But it is all water under the bridge now, General: Kelly is happily married to a pilot and the couple has a daughter. Her hubby  may not be half as rich as Dodi potentially was but she is fully fulfilled anyway. Happiness, General, comes in all shades and does not necessarily stem from a colossal bank balance or other such trappings of affluence.

Pic Cap

THE SHORT-LIVED TRIANGLE: For about a month or so, Dodi Al Fayed juggled Princess Diana and American model Kelly Fisher, who sported Dodi’s engagement ring.  Of course one of the two had to give and naturally it could not be Diana, who entered the lists in the eleventh hour but was the more precious by virtue of her royal pedigree and surpassing international stature.


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EXTRAVAGANCE One of The Scourges in Society.

9th February 2023

Extravagance in recent times has moved from being the practice of some rich and wealthy people of society in general and has regrettably, filtered to all levels of the society. Some of those who have the means are reckless and flaunt their wealth, and consequently, those of us who do not, borrow money to squander it in order to meet their families’ wants of luxuries and unnecessary items. Unfortunately this is a characteristic of human nature.

Adding to those feelings of inadequacy we have countless commercials to whet the consumer’s appetite/desire to buy whatever is advertised, and make him believe that if he does not have those products he will be unhappy, ineffective, worthless and out of tune with the fashion and trend of the times. This practice has reached a stage where many a bread winner resorts to taking loans (from cash loans or banks) with high rates of interest, putting himself in unnecessary debt to buy among other things, furniture, means of transport, dress, food and fancy accommodation, – just to win peoples’ admiration.

Islam and most religions discourage their followers towards wanton consumption. They encourage them to live a life of moderation and to dispense with luxury items so they will not be enslaved by them. Many people today blindly and irresponsibly abandon themselves to excesses and the squandering of wealth in order to ‘keep up with the Joneses’.

The Qur’aan makes it clear that allowing free rein to extravagance and exceeding the limits of moderation is an inherent characteristic in man. Allah says, “If Allah were to enlarge the provision for his servants, they would indeed transgress beyond all bounds.” [Holy Qur’aan 42:  27]


Prophet Muhammad (PBUH) said, “Observe the middle course whereby you will attain your objective (that is paradise).” –  Moderation is the opposite of extravagance.

Every individual is meant to earn in a dignified manner and then spend in a very wise and careful manner. One should never try to impress upon others by living beyond one’s means. Extravagance is forbidden in Islam, Allah says, “Do not be extravagant; surely He does not love those who are extravagant!” [Holy Qur’aan 7: 31]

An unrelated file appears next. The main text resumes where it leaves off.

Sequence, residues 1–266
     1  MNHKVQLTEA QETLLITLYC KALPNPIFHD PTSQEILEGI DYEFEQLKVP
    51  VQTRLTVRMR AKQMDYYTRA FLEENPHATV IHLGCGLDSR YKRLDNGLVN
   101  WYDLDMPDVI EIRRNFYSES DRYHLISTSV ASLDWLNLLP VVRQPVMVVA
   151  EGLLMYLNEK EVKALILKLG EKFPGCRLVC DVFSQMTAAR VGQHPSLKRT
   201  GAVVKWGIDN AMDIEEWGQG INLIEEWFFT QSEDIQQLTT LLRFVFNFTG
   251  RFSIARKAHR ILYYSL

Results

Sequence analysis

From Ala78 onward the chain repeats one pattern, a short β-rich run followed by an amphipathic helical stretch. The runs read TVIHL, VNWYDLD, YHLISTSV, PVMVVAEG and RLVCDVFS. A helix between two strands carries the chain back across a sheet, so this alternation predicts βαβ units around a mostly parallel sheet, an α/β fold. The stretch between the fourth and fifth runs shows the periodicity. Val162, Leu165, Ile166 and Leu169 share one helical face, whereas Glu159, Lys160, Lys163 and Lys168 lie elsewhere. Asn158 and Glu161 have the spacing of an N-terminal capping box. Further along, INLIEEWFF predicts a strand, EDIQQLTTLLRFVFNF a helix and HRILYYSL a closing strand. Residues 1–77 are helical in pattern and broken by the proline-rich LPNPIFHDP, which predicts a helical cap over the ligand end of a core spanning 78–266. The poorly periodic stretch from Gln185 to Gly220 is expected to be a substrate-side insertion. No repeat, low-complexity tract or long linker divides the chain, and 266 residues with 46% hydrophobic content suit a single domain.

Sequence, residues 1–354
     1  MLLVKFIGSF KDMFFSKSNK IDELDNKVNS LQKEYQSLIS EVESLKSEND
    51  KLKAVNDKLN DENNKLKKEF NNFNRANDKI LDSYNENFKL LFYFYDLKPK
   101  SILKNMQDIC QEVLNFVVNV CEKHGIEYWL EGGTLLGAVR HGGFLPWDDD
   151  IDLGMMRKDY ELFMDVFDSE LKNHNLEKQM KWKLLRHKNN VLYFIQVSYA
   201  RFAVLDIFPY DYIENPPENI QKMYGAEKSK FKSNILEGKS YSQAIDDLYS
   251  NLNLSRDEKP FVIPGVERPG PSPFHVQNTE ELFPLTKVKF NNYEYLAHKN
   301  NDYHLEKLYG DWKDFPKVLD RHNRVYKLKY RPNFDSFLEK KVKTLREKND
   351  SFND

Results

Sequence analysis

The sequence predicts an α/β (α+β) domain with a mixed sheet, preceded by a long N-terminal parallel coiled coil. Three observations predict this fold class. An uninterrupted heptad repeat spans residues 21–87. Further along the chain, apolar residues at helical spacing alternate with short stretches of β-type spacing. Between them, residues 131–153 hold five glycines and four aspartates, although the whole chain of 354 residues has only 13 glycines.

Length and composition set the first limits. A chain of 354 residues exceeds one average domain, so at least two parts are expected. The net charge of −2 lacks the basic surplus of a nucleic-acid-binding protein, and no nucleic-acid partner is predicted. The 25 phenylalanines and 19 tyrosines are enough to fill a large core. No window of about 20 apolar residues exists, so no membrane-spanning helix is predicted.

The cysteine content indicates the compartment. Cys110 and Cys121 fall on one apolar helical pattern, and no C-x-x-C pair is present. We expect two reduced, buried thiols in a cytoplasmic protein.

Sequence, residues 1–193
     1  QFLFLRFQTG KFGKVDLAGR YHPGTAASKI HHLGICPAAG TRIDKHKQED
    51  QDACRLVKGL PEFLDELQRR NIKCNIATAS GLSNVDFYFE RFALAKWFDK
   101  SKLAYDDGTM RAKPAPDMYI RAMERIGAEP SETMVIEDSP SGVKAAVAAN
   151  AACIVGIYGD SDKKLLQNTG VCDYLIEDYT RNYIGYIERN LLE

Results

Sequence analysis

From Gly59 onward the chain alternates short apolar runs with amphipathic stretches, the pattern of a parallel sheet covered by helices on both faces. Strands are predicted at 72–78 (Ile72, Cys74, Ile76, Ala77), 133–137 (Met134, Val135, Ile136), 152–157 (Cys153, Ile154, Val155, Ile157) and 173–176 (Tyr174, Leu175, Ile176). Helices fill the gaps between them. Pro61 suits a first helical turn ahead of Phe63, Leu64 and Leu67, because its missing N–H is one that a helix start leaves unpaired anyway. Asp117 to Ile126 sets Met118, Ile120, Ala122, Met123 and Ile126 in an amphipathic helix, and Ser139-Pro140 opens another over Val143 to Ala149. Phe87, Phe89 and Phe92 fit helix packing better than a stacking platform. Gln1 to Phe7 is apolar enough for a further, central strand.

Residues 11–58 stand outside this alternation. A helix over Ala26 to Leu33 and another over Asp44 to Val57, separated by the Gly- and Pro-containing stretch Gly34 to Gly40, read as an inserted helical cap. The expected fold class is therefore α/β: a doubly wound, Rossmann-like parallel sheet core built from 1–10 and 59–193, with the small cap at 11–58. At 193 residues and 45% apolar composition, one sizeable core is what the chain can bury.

The Qur’aan regards wasteful buying of food, extravagant eating that sometimes leads to throwing away of leftovers as absolutely forbidden. Allah says, “Eat of the fruits in their season, but render the dues that are proper on the day that the harvest is gathered. And waste not by excess, for Allah loves not the wasters.” [Holy Qur’aan 6:  141]

Demonstrating wastefulness in dress, means of transport, furniture and any other thing is also forbidden. Allah says, “O children of Adam! Wear your apparel of adornment at every time and place of worship, and eat and drink but do not be extravagant; surely He does not love those who are extravagant!” [Holy Qur’aan 7:  31]

Yet extravagance and the squandering of wealth continue to grow in society, while there are many helpless and deprived peoples who have no food or shelter. Just look around you here in Botswana.

Have you noticed how people squander their wealth on ‘must have’ things like designer label clothes, fancy brand whiskey, fancy top of the range cars, fancy society parties or even costly weddings, just to make a statement? How can we prevent the squandering of such wealth?

How can one go on spending in a reckless manner possibly even on things that have been made forbidden while witnessing the suffering of fellow humans whereby thousands of people starve to death each year. Islam has not forbidden a person to acquire wealth, make it grow and make use of it. In fact Islam encourages one to do so. It is resorting to forbidden ways to acquiring and of squandering that wealth that Islam has clearly declared forbidden. On the Day of Judgment every individual will be asked about his wealth, where he obtained it and how he spent it.

In fact, those who do not have any conscience about their wasteful habits may one day be subjected to Allah’s punishment that may deprive them of such wealth overnight and impoverish them. Many a family has been brought to the brink of poverty after leading a life of affluence. Similarly, many nations have lived a life  of extravagance and their people indulged in such excesses only to be later inflicted by trials and tribulations to such a point that they wished they would only have a little of what they used to possess!

With the festive season and the new year holidays having passed us, for many of us meant ‘one’ thing – spend, spend, spend. With the festivities and the celebrations over only then will the reality set in for many of us that we have overspent, deep in debt with nothing to show for it and that the following months are going to be challenging ones.

Therefore, we should not exceed the bounds when Almighty bestows His bounties upon us. Rather we should show gratefulness to Him by using His bestowments and favours in ways that prove our total obedience to Him and by observing moderation in spending. For this will be better for us in this life and the hereafter.